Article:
|Current Location:||Collections Storage|
|Provenience:||United States of America|
|Culture Area:||Northwest Coast Culture Area|
|Credit Line:||Wanamaker Expedition to the Northwest Coast; Louis Shotridge, 1927|
|Other Number:||131 - Other Number|
Deep feast dish or bowl carved from one piece a wood to represent the "Fish Hawk." Said to have been created to replace a wooden house screen, which was taken from the maker's clan's house (LS). Oval shape with the sides sloping slightly to a smaller, oval base. Sides are carved with the short ends significantly higher than the long sides. The exterior of all sides are carved in low relief with animal designs. The short ends are carved in higher relief with fish hawk designs where the beak curves downward and back into the mouth. The rim is carved with narrow fluting and lined with two rows of opercula shells.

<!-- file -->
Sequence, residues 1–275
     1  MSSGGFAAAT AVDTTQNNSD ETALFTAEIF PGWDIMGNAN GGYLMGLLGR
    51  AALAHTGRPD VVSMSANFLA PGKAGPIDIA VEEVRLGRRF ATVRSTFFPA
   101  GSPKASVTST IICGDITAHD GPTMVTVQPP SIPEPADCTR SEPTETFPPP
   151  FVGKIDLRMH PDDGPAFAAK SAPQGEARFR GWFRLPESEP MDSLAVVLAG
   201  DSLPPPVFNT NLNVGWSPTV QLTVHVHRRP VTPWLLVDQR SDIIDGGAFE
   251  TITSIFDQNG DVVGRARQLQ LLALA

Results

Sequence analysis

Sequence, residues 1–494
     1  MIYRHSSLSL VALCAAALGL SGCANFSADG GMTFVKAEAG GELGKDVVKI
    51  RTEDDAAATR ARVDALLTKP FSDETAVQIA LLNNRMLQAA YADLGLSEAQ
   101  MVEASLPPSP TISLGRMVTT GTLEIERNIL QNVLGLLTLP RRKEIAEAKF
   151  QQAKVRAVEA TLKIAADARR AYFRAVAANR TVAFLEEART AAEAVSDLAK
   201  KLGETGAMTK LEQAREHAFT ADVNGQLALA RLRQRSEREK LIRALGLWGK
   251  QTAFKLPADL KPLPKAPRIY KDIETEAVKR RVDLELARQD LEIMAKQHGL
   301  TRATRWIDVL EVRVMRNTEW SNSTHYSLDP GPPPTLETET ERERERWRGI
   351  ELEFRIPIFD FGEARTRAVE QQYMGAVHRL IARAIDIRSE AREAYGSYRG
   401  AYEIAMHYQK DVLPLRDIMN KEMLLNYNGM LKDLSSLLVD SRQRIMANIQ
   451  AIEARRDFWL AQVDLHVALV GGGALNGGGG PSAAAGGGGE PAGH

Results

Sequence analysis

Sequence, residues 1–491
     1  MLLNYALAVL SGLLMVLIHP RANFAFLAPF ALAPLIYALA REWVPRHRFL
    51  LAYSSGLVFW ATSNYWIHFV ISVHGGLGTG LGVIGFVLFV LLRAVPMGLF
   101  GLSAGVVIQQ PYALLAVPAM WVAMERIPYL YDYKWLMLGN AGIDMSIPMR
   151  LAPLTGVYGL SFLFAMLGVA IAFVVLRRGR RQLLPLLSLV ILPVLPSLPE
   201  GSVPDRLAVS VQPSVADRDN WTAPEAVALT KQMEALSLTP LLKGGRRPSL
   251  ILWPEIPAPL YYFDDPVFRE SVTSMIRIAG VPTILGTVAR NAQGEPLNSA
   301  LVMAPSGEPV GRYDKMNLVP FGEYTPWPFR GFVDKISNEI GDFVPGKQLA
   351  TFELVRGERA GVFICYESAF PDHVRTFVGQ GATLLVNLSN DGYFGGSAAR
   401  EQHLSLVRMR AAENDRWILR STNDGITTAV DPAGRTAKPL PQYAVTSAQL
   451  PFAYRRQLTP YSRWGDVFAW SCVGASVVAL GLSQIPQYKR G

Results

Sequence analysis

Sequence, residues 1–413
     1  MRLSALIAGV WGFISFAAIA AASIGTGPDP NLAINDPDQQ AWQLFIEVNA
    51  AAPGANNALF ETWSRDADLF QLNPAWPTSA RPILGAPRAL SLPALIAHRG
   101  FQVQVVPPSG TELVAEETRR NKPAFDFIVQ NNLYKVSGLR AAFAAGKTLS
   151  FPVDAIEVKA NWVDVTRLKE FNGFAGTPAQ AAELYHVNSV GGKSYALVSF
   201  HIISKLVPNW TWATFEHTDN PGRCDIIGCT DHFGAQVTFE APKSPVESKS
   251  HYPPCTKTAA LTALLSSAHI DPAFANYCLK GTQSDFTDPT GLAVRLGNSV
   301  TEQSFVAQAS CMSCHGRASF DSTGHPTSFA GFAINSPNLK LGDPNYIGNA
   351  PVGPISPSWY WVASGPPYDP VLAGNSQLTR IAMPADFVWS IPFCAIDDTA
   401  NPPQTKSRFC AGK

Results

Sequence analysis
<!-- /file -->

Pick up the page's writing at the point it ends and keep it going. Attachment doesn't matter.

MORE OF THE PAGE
|[Catalogue, Exhibition] Inuit Gallery of Vancouver Ltd., and Duff, Wilson. 1967. "Arts of the Raven: Masterworks by the Northwest Coast Indian". Hands of Creation: An Exhibition of Northwest Coast Native Art. Vancouver, BC. Inuit Gallery of Vancouver Ltd. pg. Unpaginated Actual Citation : Page/Fig./Plate: Cat No 303||View Objects related to this Actual Citation|
|[Catalogue, Exhibition] Gunther, Erna. 1962. Northwest Coast Indian Art: An Exhibit at the Seattle World's Fair Fine Arts Pavilion.. University of Washington. Actual Citation : Page/Fig./Plate: p. 59, fig. 32||View Objects related to this Actual Citation|
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